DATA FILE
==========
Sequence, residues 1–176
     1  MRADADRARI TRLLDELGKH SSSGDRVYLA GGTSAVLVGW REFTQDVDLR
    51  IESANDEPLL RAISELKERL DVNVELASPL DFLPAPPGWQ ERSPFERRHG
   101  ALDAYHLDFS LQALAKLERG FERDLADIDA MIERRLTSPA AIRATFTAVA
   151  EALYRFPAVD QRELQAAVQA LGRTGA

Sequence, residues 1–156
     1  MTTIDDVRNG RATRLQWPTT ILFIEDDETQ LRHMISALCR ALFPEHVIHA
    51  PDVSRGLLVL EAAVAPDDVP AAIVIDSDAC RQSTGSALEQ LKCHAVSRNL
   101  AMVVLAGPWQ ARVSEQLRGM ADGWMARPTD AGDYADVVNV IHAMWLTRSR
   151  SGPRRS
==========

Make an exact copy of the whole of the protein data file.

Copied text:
Sequence, residues 1–176
     1  MRADADRARI TRLLDELGKH SSSGDRVYLA GGTSAVLVGW REFTQDVDLR
    51  IESANDEPLL RAISELKERL DVNVELASPL DFLPAPPGWQ ERSPFERRHG
   101  ALDAYHLDFS LQALAKLERG FERDLADIDA MIERRLTSPA AIRATFTAVA
   151  EALYRFPAVD QRELQAAVQA LGRTGA

Sequence, residues 1–156
     1  MTTIDDVRNG RATRLQWPTT ILFIEDDETQ LRHMISALCR ALFPEHVIHA
    51  PDVSRGLLVL EAAVAPDDVP AAIVIDSDAC RQSTGSALEQ LKCHAVSRNL
   101  AMVVLAGPWQ ARVSEQLRGM ADGWMARPTD AGDYADVVNV IHAMWLTRSR
   151  SGPRRS